U.S. stock benchmarks traded lower Wednesday morning as Federal Reserve Chairman Jerome Powell offered an uncertain near-term outlook of the economy, with state and federal officials attempting to restart businesses from a coronavirus-induced lockdown.
“The recovery may take some time to gather momentum and the passage of time can turn liquidity problems into solvency problems,” Powell said.
What are major indexes doing?
The Dow Jones Industrial Average
was down 229 points, or 1%, to 23,520, while the S&P 500 index
retreated 25 points, or 0.9%, at 2,845, led lower by a 2.6% decline in energy
and a 1.9% drop in the financials sector
The Nasdaq Composite Index
meanwhile, traded at 8,942., off 41 points, or 0.5%.
What’s driving the market?
Powell said that the economic recovery may be gradual and additional government aid to households and businesses may be “worth it” to keep lasting damage from developing, during a webcast discussion with the Peterson Institute for International Economics on Wednesday.
“The recovery may take some time to gather momentum and the passage of time can turn liquidity problems into solvency problems,” said the Fed chairman.
“Additional fiscal support could be costly but worth it if it helps avoid long-term economic damage and leaves us with a stronger recovery,” he said.
The monetary policy maker said it was ultimately up to Congress and the administration to consider this trade-off.
The Fed boss also pushed back against the idea of negative interest rates after the fed funds futures market last week, for the first time, showed some traders betting they could become reality in the U.S.
“Trump has lately toned down his criticism of Powell & Co, suggesting he is so far satisfied with the Fed’s response to the virus crisis. But the longer the U.S. economy remains in some form of a lockdown and the slower the ensuing economic recovery, the more Trump will press the Fed to do more,” said Raffi Boyadjian, senior investment analyst at XM, in a research note.
Trump on Tuesday tweeted that the U.S. should accept “the GIFT” of negative rates.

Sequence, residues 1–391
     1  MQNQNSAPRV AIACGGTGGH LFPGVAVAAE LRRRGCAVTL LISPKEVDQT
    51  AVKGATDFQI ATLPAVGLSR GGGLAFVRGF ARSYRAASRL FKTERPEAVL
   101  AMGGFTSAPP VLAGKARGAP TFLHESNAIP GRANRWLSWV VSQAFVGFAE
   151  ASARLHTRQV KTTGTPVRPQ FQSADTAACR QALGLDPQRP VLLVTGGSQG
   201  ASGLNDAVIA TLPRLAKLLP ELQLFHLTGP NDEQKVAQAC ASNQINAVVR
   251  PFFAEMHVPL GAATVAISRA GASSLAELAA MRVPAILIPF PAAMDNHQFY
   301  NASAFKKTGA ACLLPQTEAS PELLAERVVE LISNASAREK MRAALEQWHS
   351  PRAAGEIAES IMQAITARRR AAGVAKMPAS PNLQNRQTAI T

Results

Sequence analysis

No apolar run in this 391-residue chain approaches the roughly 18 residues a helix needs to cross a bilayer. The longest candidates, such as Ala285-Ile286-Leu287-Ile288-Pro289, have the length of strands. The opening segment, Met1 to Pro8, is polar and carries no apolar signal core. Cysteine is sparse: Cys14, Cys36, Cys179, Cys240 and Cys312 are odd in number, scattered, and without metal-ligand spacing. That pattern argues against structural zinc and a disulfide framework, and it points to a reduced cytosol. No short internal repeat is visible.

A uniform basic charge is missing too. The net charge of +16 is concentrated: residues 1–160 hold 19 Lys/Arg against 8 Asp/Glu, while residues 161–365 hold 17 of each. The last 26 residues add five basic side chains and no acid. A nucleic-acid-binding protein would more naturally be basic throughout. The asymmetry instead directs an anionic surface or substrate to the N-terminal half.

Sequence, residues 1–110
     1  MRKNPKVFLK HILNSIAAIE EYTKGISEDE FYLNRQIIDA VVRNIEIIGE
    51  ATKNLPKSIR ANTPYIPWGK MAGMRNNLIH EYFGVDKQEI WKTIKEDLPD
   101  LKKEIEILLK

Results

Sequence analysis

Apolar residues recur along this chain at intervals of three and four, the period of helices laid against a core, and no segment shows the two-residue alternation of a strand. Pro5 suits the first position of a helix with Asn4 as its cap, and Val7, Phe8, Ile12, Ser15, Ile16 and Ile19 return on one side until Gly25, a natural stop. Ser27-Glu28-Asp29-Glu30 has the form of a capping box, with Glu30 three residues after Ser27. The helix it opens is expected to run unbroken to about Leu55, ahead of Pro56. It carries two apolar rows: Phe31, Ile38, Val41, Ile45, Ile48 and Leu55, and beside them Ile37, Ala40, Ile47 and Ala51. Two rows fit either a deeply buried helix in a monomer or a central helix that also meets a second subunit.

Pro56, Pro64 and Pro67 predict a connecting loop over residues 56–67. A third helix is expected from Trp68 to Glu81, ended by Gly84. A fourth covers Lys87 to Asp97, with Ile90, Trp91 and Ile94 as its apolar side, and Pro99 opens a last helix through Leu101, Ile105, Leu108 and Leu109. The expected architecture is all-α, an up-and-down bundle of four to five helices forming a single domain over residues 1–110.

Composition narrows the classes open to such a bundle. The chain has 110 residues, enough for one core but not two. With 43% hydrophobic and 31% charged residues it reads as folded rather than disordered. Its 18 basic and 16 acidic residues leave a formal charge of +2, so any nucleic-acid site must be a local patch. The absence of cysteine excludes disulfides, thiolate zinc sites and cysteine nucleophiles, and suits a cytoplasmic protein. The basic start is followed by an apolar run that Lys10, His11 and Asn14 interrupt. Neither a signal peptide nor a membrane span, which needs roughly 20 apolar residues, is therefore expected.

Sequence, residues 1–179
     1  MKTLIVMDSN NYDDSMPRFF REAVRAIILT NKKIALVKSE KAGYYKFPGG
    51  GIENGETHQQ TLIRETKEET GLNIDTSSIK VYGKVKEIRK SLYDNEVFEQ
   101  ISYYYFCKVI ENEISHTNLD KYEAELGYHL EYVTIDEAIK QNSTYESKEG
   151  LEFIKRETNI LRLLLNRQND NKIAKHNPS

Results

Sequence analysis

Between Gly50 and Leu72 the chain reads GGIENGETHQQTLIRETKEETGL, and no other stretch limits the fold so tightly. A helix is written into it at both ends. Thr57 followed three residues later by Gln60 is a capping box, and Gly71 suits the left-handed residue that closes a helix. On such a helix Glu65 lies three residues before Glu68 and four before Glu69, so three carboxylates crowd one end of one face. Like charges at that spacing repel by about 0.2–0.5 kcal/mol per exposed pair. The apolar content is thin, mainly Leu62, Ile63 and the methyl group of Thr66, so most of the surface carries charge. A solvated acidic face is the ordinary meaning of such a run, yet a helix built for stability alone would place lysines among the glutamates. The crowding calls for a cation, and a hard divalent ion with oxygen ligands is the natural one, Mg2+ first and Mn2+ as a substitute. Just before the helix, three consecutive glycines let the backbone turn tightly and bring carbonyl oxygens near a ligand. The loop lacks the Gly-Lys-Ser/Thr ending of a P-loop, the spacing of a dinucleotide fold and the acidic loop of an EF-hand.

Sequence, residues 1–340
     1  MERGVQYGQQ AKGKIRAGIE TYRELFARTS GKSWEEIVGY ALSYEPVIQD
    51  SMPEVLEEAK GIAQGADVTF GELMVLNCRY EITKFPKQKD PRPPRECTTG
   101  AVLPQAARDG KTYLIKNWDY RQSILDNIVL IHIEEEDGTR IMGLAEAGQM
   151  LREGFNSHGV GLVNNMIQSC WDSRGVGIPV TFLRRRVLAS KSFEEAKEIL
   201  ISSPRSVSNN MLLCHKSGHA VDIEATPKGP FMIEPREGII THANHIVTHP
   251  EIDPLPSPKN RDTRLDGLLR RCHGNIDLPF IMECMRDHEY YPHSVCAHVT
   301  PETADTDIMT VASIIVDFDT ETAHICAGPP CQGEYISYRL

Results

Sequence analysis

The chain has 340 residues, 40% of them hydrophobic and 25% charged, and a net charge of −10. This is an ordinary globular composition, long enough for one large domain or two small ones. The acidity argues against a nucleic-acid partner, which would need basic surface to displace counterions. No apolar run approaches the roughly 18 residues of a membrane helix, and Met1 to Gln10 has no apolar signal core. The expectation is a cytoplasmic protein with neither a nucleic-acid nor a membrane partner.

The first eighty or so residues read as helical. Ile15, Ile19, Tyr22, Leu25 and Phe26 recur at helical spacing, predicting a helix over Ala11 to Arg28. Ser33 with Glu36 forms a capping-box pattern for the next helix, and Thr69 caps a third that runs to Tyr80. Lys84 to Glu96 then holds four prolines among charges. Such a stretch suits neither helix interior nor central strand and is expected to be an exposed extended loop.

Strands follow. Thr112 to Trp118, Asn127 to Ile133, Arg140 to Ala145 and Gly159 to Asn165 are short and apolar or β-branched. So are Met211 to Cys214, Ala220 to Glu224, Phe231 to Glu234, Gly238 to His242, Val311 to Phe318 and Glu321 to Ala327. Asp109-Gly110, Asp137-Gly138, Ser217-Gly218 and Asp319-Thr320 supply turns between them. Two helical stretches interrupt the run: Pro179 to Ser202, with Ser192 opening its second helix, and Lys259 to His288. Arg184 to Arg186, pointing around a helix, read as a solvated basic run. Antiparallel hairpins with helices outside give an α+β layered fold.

In economic reports, the April producer-price index plunged by 1.3%. Economists surveyed by MarketWatch, on average, forecast the index to fall 0.5%.
Meanwhile, analysts said there was no single catalyst for Tuesday’s turn lower. Some argued that remarks by Dr. Anthony Fauci, the government’s top infectious disease expert, in testimony in front of the Senate helped sour the mood after he warned that premature reopenings could create spikes in cases that could turn into new outbreaks.
Which companies are in focus?
- Shares of Tesla Inc.
rose 1.3% after a news report late Tuesday said the electric vehicle maker would fully reopen its battery “gigafactory” in Nevada, after Tesla reopened its auto factory in Fremont, California., on Monday in defiance of local regulations.
- Ride-hailing company Uber Technologies Inc.
and Grubhub Inc.
have been unable to agree on a price that would see Uber acquire the food-delivery company, CNBC reported late Tuesday. Uber also announced it would sell $750 million of bonds due 2025. Shares of Uber were down 1.8%, while those for Grubhub falls 3.8%. Opinion: Uber plus Grubhub called ‘a new low in pandemic profiteering,’ and that is not the only problem
- Royal Caribbean Cruises Ltd. shares
fell 1.8% Wednesday, after the cruise operator said it would sell $3.3 billion of debt. The company will use the proceeds to pay down another $2.35 billion loan.
How are other markets trading?
Crude-oil prices inched higher Tuesday, with West Texas Intermediate Crude for June delivery
up 3 cents, or 0.1%, to $25.81 a barrel. In precious metals, the price of an ounce of June gold
rose $13.30, or 0.8%, to $1,720.
The U.S. dollar lost ground against a basket of its six major rivals, with the ICE U.S. dollar
down 0.2%. The greenback is still up 3.4% year-to-date.
In Europe, stocks were on the slide. The Stoxx Europe 600
is down around 1.2%.